The board games of our childhood

In most parts of Australia, school holidays are about to begin. In my home state of Victoria, they’re just ending. While school holidays don’t have much relevance to me these days (my kids are grown up and there are no grandkids at this stage), they certainly did when I was a kid. Occupying ourselves during those weeks off was rarely a problem, except maybe if the weather was bad. And that’s when the board games would come out. 

I was born in the mid-’60s, which to me, in hindsight, seems to have been smack bang in the middle of the golden age of board games. I was the youngest of six kids in my house, so by the time I was old enough to play them, there was no shortage of them to choose from.

And more board games arrived each Christmas and birthday as I made my way through my primary school years. Of course we had the old favourites, Scrabble, Trouble and Monopoly (did anyone not have Monopoly?) and some lesser-known ones, too.

An alternative to Monopoly

One board game we played for days on end during school holidays was the Stock Market Game. It was exactly what you’d expect, a game in which you bought and sold shares in stocks. The board came with a plastic strip upon which a sliding piece would move up and down. Some shares rose as others fell, just like in the real world, and bankruptcy was always a possibility, just like in the real world. 

Although it was an American game, Stock Market was customised for Australia, so the shares we were buying and selling had familiar names, such as BHP, Alcoa, Coles and the Bank of New South Wales. Hours, even days, of fun – unless you were losing!

Columbo and other TV show-based board games

By the mid-’60s, the whole concept of merchandise for TV shows was well entrenched. Toys and trading cards abounded, and board game manufacturers were not going to miss out.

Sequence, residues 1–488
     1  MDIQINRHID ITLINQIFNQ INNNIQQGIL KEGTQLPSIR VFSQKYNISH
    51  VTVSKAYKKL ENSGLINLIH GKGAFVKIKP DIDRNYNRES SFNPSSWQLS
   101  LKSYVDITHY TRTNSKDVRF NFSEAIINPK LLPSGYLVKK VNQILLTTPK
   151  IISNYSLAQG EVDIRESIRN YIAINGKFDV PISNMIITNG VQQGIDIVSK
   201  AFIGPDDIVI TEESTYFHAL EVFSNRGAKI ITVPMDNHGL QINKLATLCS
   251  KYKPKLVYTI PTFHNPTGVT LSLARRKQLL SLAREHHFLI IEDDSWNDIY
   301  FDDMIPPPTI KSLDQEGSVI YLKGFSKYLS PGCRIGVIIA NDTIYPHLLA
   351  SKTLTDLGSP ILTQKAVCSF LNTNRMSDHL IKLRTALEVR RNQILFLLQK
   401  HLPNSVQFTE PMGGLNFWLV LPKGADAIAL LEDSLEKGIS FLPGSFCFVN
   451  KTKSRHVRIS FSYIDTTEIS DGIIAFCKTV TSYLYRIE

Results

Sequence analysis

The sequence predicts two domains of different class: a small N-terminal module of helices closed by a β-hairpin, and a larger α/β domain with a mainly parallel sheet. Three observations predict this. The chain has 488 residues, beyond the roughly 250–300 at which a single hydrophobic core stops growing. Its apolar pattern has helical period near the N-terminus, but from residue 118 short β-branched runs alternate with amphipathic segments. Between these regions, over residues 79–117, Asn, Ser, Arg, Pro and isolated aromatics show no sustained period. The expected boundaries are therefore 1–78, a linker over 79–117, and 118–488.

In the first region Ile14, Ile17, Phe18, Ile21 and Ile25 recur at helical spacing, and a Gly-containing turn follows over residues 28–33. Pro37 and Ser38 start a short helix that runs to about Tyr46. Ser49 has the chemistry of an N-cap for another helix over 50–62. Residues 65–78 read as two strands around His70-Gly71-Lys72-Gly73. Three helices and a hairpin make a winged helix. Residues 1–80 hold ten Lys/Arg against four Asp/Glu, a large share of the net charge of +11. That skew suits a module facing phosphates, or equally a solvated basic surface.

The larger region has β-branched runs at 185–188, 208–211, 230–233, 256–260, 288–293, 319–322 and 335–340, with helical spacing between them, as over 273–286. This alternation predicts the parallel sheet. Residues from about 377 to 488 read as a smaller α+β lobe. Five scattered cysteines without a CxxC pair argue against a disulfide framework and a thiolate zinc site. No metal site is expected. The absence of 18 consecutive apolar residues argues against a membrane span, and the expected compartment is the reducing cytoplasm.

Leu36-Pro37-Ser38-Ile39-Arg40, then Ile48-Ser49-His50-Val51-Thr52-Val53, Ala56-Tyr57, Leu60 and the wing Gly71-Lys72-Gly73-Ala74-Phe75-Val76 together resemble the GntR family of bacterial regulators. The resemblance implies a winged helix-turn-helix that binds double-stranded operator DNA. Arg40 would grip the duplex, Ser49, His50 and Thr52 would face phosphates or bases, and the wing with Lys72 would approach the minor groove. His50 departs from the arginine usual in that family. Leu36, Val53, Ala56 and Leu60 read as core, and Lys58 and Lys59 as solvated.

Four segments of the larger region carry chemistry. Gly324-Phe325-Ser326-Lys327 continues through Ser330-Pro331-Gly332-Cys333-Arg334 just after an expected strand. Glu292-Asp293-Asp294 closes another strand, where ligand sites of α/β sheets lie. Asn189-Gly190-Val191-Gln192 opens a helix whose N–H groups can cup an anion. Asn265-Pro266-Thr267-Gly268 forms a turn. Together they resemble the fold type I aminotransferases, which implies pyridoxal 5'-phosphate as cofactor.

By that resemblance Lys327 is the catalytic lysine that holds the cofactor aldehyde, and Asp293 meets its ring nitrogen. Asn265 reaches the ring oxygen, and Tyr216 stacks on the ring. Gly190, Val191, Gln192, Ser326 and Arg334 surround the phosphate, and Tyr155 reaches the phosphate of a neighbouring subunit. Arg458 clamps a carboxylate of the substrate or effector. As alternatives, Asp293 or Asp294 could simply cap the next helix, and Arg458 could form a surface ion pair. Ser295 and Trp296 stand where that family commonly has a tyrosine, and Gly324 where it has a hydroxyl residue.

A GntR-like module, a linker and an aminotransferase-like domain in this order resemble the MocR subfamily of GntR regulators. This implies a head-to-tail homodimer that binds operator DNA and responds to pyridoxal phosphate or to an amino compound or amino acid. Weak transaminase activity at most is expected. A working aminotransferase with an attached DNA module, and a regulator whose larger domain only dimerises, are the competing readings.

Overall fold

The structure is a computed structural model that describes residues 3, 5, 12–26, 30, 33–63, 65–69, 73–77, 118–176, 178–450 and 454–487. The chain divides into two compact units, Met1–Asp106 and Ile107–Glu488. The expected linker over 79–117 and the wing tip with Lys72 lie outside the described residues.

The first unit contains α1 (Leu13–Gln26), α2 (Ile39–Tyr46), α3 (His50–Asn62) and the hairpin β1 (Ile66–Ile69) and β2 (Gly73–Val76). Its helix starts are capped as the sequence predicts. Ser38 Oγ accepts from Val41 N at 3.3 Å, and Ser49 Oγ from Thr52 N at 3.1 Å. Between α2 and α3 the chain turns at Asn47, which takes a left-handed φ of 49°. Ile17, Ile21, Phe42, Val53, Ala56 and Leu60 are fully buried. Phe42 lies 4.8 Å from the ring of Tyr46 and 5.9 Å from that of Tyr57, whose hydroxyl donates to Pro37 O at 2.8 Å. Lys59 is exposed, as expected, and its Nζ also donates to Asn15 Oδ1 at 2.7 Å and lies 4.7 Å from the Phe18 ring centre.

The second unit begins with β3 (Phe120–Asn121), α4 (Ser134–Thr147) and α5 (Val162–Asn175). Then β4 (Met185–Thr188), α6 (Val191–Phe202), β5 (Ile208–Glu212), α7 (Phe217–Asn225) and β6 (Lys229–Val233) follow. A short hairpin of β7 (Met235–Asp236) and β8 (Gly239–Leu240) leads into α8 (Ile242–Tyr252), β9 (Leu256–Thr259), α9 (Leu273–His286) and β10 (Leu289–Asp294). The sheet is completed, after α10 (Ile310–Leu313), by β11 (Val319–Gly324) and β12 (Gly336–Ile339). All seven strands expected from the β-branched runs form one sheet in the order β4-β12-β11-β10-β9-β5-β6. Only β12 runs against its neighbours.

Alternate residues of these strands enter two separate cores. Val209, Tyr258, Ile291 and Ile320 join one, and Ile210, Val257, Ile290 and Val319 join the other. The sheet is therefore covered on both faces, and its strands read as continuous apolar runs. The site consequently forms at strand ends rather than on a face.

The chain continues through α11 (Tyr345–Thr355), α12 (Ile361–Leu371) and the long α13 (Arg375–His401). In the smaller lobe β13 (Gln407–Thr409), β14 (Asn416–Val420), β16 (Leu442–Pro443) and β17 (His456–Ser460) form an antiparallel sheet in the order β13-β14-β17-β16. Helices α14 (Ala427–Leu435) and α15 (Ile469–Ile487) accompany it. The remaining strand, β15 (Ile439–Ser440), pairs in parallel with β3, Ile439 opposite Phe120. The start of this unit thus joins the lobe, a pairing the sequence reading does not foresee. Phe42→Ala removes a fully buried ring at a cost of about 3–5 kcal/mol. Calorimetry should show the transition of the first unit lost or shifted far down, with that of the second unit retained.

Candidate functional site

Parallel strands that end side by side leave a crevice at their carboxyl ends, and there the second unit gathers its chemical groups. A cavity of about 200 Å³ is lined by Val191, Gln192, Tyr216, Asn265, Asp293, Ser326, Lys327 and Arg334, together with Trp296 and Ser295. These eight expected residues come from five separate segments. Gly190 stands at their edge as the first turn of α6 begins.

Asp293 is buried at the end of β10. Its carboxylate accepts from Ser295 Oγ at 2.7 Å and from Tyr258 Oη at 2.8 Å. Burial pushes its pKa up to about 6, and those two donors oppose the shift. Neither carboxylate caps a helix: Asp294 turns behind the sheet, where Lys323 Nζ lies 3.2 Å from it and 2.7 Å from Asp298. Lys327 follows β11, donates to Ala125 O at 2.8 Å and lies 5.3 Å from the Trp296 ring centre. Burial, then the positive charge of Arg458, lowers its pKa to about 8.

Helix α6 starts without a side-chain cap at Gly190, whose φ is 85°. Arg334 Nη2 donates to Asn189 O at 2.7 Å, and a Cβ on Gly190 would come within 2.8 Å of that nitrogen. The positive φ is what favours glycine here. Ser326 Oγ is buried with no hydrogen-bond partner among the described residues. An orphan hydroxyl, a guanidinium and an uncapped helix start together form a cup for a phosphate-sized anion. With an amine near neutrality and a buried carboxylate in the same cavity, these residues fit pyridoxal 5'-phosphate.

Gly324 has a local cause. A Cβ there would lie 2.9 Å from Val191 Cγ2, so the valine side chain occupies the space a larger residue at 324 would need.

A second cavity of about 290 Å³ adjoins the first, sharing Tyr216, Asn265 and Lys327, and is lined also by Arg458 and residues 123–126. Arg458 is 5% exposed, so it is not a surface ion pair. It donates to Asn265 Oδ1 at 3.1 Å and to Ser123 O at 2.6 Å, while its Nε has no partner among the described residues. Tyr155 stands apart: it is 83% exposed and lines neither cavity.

Some shows spawned multiple board games. Take Happy Days for instance. Of course, it had its own board game, but that was followed by a game for one of its main characters, Arthur Fonzarelli, aka ‘Fonzie’, aka ‘the Fonz’. In 1976, The Fonz: Hanging Out at Arnold’s was released.

But it didn’t stop there. Happy Days had a number of spin-off shows. And at least two of them, Laverne and Shirley and Mork and Mindy, earned their own board games. 

My favourite TV-themed board game was Columbo, based on the long-running detective series. I loved that show growing up in the 1970s and when I received the Columbo game on my 11th birthday I was ecstatic.

The game featured some awful graphics, including a picture of only the back of the head of someone who might have been Lieutenant Columbo (presumably something to do with copyright). It was, however, not a bad game strategically, and it is one that still gets a run when I have a games night with kids (who are now also adults).

Pretty much every US television show you can remember watching had its own board game. The Beverly Hillbillies? Yes. Get Smart? Yep. Family Ties? You bet. And the British cashed in too. I didn’t have it as a kid but I found On The Buses in an op shop in the late ’90s. I bought it and it became a family favourite.

Not quite PC

My On the Buses op shop purchase inspired me to look out for other old board games. Many of the old ones were easy to spot, because they bore the distinctive John Sands logo. The greeting card company was the Australian distributor for Milton Bradley, and they adopted the same logo, replacing the MB with JS.

Some of the board games of yesteryear simply wouldn’t fly today. At least not without a change. One that springs to mind is from the 1950s called Park and Shop.  This game surprise, surprise – requires you to take a drive and complete some shopping chores. 

The game itself is fine, but not all of its elements are. Take, for instance, one particular card you might be unlucky enough to pick up when landing on a certain square. The card reads: “There’s a woman driver in front of you. Lose one turn.”

Happily society’s attitude towards women has changed at least a bit in the past 70 years!

Board games galore

I’ve barely scratched the board game surface here. I haven’t even mentioned Ker-Plunk, Hang on Harvey or Operation, which were staples in many family homes. Or the Aussie favourite Squatter. 

Board games are still very popular and evolving. One of my adult sons loves playing Catan, which comes in various editions. I’m sure it’s great but the old ones from my childhood still have a special place in my heart. Occasionally, too, they still get a place on the dining table.

Did you have any of these board games? What others can you remember? Let us know via the comments section below.

Also read: Can playing Wordle boost your brain?

Andrew Gigacz
Andrew Gigacz
Andrew has developed knowledge of the retirement landscape, including retirement income and government entitlements, as well as issues affecting older Australians moving into or living in retirement. He's an accomplished writer with a passion for health and human stories.
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